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Smart home devices ‘creepy’ say two-thirds of people … who own smart home devices

Smart home devices are ‘creepy’ according to the majority of people who own them, based on an Ipsos MORI poll. Two-thirds of US owners of smart home gadgets bought them despite this feeling.

The take-away appears to be that consumers consider the convenience to outweigh privacy concerns …

Across all Americans – owners and non-owners of smart home tech alike – some 67% agreed with a statement that ‘Connected devices are “creepy” in the way they collect data about people and their behaviors.’ But the surprising part is that among those who actually own such devices, the percentage was almost identical: 66%.

Consumers do at least try to prioritize security when buying connected devices. Some 84% of owners say that they are generally aware of smart home security features, and that privacy and security are important when it comes to purchase decisions.

The US survey was part of a wider international study spanning the United States, Canada, Japan, Australia, France, and the UK. Across the entire sample, there was widespread agreement on a need for laws on the security of smart home devices.

People think their data is sent somewhere beyond their control, without their ability to do anything about how that data is handled. The results show a desire among many people for governments to step in with regulation.  Across the sample, 88% agreed that privacy and security should be assured by regulators.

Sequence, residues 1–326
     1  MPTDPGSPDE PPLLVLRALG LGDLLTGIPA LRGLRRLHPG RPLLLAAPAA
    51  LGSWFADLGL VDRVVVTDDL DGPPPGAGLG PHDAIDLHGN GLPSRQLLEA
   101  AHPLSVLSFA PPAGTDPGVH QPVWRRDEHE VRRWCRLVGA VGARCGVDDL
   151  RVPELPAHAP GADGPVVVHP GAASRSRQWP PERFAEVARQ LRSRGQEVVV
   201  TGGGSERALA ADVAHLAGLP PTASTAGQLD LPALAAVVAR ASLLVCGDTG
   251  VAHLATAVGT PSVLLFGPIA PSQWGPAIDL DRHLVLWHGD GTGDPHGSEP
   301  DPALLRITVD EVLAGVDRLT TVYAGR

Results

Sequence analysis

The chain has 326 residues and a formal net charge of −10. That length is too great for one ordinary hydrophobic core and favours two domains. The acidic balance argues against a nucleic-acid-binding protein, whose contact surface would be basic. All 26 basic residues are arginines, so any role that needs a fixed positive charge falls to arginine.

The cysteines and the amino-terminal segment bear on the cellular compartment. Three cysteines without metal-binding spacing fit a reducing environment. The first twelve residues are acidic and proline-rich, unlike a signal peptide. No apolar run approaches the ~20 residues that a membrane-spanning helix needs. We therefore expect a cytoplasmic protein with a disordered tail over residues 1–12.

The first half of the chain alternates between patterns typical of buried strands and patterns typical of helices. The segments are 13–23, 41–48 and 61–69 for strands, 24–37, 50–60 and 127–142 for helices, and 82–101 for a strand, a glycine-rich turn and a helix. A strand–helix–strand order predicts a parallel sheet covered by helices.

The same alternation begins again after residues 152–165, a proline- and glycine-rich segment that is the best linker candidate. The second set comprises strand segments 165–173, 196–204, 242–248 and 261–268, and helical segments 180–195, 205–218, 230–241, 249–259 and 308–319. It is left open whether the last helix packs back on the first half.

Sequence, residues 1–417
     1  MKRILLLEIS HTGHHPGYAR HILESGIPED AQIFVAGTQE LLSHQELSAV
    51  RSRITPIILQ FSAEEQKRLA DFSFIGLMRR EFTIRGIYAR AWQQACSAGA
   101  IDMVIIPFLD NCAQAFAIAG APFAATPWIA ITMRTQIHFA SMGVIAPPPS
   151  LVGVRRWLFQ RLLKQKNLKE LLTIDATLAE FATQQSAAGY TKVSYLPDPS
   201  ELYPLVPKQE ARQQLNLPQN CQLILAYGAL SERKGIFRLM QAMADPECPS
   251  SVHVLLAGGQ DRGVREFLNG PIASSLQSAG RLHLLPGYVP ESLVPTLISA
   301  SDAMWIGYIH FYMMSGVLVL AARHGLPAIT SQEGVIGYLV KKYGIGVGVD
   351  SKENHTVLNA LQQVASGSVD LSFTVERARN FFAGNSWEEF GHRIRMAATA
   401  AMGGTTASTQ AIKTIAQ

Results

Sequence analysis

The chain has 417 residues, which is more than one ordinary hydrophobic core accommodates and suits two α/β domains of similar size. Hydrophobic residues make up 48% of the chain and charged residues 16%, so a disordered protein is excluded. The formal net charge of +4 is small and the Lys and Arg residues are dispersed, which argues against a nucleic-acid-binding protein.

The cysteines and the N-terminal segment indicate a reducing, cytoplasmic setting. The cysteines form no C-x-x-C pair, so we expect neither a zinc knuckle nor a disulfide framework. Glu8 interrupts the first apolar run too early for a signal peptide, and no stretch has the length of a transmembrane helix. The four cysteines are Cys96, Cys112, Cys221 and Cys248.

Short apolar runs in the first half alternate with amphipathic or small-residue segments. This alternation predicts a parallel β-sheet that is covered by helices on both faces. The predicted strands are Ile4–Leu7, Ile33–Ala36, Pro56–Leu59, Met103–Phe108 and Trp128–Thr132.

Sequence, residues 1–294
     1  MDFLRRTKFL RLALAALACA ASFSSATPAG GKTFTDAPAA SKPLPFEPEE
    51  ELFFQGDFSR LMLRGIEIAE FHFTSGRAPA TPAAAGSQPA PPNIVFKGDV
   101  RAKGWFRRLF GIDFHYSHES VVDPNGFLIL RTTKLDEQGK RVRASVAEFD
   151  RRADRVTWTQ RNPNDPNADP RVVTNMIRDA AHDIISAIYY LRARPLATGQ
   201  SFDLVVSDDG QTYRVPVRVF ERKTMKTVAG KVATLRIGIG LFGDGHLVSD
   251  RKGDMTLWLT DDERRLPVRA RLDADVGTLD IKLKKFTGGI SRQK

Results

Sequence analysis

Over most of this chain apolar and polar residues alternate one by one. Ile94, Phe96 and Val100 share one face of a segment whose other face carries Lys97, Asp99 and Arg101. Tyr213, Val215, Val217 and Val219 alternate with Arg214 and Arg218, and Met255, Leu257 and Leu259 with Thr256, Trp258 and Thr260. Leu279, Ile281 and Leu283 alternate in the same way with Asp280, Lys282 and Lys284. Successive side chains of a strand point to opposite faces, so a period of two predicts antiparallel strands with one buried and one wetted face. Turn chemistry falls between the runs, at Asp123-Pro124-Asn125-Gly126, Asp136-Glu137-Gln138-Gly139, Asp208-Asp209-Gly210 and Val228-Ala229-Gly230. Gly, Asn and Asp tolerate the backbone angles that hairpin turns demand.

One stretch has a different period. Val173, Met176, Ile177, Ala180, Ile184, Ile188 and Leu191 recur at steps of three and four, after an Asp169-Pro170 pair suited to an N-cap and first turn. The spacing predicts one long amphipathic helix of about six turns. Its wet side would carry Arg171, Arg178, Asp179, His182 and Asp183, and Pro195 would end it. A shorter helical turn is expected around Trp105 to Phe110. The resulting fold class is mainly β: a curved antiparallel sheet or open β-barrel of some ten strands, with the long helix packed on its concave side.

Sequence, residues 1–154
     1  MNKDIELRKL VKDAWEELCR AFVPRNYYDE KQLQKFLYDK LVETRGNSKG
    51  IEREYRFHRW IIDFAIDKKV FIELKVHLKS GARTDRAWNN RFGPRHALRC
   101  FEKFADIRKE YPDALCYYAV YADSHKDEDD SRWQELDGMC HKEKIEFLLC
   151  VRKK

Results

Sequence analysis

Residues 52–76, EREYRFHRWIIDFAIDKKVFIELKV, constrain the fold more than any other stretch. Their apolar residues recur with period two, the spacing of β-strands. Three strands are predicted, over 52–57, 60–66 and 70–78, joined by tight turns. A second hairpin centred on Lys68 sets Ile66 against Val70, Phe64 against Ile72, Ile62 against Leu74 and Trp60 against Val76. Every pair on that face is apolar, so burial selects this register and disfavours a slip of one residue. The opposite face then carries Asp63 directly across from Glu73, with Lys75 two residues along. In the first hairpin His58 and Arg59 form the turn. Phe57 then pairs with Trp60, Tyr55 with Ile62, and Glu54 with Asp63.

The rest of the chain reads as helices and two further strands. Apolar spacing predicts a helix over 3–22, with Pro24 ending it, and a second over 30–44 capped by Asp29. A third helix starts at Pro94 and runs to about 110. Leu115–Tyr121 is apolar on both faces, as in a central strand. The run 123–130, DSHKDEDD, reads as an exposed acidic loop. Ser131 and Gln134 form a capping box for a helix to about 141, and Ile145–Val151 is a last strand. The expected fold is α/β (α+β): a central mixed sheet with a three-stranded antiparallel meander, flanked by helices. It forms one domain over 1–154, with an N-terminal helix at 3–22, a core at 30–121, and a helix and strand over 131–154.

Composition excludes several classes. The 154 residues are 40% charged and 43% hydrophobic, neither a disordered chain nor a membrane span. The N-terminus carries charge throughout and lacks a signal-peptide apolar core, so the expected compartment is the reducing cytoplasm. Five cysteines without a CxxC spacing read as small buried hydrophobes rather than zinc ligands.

The results of the survey were announced today at Consumers International Summit 2019 in Lisbon, Portugal, to an audience of consumer organizations from around the globe working together with representatives from business, civil society, and governments.

Internet Society President and CEO Andrew Sullivan said that manufacturers need to up their game.

The survey results underscore the need for IoT manufacturers to build their devices with security and privacy in mind. Security should not be an afterthought. It’s clear that manufacturers and retailers need to do more so that consumers can trust their IoT devices.

Consumers International Director General Helena Leurent said that everyone needed to play their part.

Consumers have told us they accept that they have some responsibility for the security and privacy of their IoT products but that isn’t the end of the story. They, and we, want to see tangible action from manufacturers, retailers, and governments on this issue. It has to be a collective effort, not the responsibility of one group.

In all, more than 6,000 consumers were interviewed.

Security was one of the key goals behind HomeKit, Apple requiring all devices to use end-to-end encryption with mutual authentication to ensure that personal data cannot be accessed by third-parties.

If you want to keep an eye on what your smart home devices are up to, Princeton University has a Mac app that allows you to see which devices connect to what servers.

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Avatar for Ben Lovejoy Ben Lovejoy

Ben Lovejoy is a British technology writer and EU Editor for 9to5Mac. He’s known for his op-eds and diary pieces, exploring his experience of Apple products over time, for a more rounded review. He also writes fiction, with two technothriller novels, a couple of SF shorts and a rom-com!

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